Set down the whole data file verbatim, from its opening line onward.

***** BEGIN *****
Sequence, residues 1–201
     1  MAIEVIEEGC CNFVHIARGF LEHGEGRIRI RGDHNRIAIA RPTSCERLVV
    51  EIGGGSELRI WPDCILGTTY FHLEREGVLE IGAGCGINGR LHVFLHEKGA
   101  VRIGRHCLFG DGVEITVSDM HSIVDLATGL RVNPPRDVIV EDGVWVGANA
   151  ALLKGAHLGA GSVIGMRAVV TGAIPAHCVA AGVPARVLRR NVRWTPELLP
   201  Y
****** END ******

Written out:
Sequence, residues 1–201
     1  MAIEVIEEGC CNFVHIARGF LEHGEGRIRI RGDHNRIAIA RPTSCERLVV
    51  EIGGGSELRI WPDCILGTTY FHLEREGVLE IGAGCGINGR LHVFLHEKGA
   101  VRIGRHCLFG DGVEITVSDM HSIVDLATGL RVNPPRDVIV EDGVWVGANA
   151  ALLKGAHLGA GSVIGMRAVV TGAIPAHCVA AGVPARVLRR NVRWTPELLP
   201  Y